Date Approved


Embargo Period


Document Type


Degree Name

Ed.D. Educational Leadership


Educational Leadership


College of Education

First Advisor

Rios, Hector


Emotional intelligence;Service learning


Elementary and Middle and Secondary Education Administration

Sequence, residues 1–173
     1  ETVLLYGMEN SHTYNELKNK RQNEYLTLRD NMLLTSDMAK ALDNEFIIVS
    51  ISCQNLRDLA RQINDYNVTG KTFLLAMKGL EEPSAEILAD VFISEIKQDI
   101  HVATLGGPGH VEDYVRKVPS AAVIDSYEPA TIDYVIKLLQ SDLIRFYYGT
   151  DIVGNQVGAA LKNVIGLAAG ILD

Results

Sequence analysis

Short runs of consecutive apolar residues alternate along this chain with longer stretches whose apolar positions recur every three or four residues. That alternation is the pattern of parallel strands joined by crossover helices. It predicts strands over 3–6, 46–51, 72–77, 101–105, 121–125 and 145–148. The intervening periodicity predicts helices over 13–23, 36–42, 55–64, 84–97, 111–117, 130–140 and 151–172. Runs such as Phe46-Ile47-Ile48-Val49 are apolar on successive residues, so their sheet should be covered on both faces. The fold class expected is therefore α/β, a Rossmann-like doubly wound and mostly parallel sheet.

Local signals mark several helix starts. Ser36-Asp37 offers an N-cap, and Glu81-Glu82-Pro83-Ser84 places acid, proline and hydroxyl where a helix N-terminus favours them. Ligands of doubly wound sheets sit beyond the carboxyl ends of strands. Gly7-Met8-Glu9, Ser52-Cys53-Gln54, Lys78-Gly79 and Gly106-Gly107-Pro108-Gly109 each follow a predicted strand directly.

This quantitative study addresses emotional intelligence (EI) development, through the implementation of service-learning curricula, in adolescents ages 13-18. An interrupted time series with non-equivalent multi-group design was used for this study. This design included multiple pre-tests, an application of a treatment, and post-tests at varying time interval to eliminate internal invalidity threats due to history and the instrumentation (Gay & Airasian, 2000; Shadish, Cook, & Campell, 2011). In this study, global trait EI scores were used to test the theory that engagement in service-learning can positively impact EI growth in teens in the middle and high school settings. The rationale for selection of this study design is that it is best suited for the collection of empirical data for the purposes of prediction and testing hypotheses (Gay & Airasian, 2000, p. 10). During this study, we exposed teens at two independent sites, one middle school and one high school, to service-learning curricula biweekly over the course of 12 weeks to test our assumption that service-learning can positively affect EI. A cluster sample technique was employed whereby specific groups, not individuals, were randomly selected from clusters of social studies and art course both at the middle and high school sites (Gay & Airasian, 2000, p. 130). This was done as a result of resources available to us and the accessibility of participants. The TEIQue-ASF (Trait Emotional Intelligence Questionnaire - Adolescent Short Form) was used to measure emotional aptitude during the pre and posttest applications. Finally, we employed inferential statistical analyzes to interpret the data collected during this quasi-experiment in order to determine if some conclusions could be expanded to the larger population in terms of EI growth as a result of engagement in service-learning for our target age group (Gay & Airasian, 2000). At a standard alpha value of 0.05, we looked for statistically significant t-test results. We also ran a series of t-tests comparing the differences between Posttest score and Pretest scores for the experimental group, the participants were exposed to the service-learning curriculum, and the control group, those who did not receive instruction in the curriculum. For this companion dissertation, we worked collaboratively to develop the problem and purpose statements, to identify literature to support this study, to define key terminology, and to determine the methodology. Additionally, we individually collected and analyzed data our respective sample site, collaborated on research findings and implications, coauthored service-learning curricula with the teacher participants, and coauthored this final report. Each of our individual worldviews are also included in this report. The coauthorship of this report provides a synthesized and integrated perspective on our findings in terms of service-learning and its impact on EI development for secondary educators, i.e., middle and high school practitioners.